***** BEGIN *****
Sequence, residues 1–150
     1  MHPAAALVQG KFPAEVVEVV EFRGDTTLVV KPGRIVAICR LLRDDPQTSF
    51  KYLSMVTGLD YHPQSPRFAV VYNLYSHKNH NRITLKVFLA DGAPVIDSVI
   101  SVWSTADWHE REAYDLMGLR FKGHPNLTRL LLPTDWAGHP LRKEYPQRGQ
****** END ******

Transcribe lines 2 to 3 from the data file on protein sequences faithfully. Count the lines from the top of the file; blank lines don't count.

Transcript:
     1  MHPAAALVQG KFPAEVVEVV EFRGDTTLVV KPGRIVAICR LLRDDPQTSF
    51  KYLSMVTGLD YHPQSPRFAV VYNLYSHKNH NRITLKVFLA DGAPVIDSVI